Dr Esra Erdem: One part of the national debate on highly-skilled labour migration is actually highly pertinent to immigrants in the East, many of whom face deskilling and unemployment. The EmPa workshop in Leipzig, Saxony, specifically addressed the pressing concerns of immigrants with professional qualifications, around the recognition of degrees and work experience attained abroad. It transpired that recognition procedures vary significantly by Länder, occupation, immigration status, country and ranking of the institution where the degree was attained. The workshop was a good venue for immigrant NGOs based in Saxony to work together with local policy-makers to develop a set of procedures that could serve as a model for the integration of highly-skilled immigrants into the labour market.
It has to be said, though, these are not the kind of issues that get into the German media. Generally speaking, the media prefers to focus on issues such as the oppression of women in Muslim communities or White flight from inner-city neighbourhoods, issues that do not necessarily capture the life circumstances of most immigrants in east Germany. In contrast, everyday racism continues to be underreported.
Here in the UK, we know very little about the history of immigration to the East, and how particular communities came to settle in particular areas, and why? Do the immigrant organisations you work with in the East represent migrants from all national backgrounds?
Dr Esra Erdem: The history of migration to the East is quite different from that to the West, both in terms of scope and the countries of origin. In west Germany, labour migration from the 1950s onwards paved the way for today’s large communities from the former-Yugoslavia and the Mediterranean countries. By the mid-1970s, when authorities in the West were already introducing measures to curb further immigration, the GDR (as the East was then) had launched its own labour migration programme, drawing on the workforce of fellow real-socialist countries such as Vietnam, Cuba, Mozambique and Algeria. A year before the unification of the two Germanys there were around 200,000 migrants living in the East, compared to roughly 4.6 million non-German citizens in the West.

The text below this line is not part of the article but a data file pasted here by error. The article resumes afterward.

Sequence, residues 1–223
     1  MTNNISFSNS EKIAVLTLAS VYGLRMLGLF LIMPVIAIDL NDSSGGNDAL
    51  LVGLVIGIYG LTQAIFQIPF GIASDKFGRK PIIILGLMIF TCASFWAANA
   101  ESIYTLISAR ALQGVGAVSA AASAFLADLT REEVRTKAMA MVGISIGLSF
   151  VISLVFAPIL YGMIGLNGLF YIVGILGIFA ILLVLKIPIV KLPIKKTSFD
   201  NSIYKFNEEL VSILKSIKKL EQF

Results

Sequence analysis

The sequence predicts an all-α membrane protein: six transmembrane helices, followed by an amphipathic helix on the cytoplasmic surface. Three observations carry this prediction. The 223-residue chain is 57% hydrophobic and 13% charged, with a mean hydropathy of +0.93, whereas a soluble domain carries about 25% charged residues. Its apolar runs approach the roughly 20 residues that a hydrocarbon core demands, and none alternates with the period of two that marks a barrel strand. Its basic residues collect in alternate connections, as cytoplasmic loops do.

Of course, the last twenty years have seen an enormous shift in migration trends, particularly in the East. Alongside the Vietnamese communities, there are significant numbers of refugees and immigrants from the former Soviet Union, the latter two groups having partly been required by government programmes to settle in east Germany.
Historically has it been difficult for immigrant organisations to establish themselves in the East?
Dr Esra Erdem: As the GDR collapsed, immigrants in the East found themselves confronted with existential questions on several fronts. The federal government was reluctant to recognise the immigration status of the migrant workers in the GDR. At the same time, racist violence erupted in Rostock and elsewhere, signalling, in no uncertain terms, that there was no place for immigrants in the imagined German nation. Finally, as eastern economic structures and industries were dismantled by western experts, immigrants (alongside everyone else) lost their jobs. The founding of many immigrant organisations was related directly to the need to organise to secure a livelihood and fight for their rights and protection against racist attacks. Immigrants from the former Soviet Union – including the ethnic Germans arriving from Russia, Kazakhstan etc. – similarly founded self-help networks to cope with the unique challenges of settlement in a new country. In the process, we also witnessed the reinvigoration of Jewish life in several east German cities. Finally, asylum seekers developed crucial networks to survive racism, confinement to remote areas, restrictions to the right to mobility and the denial of work authorisation.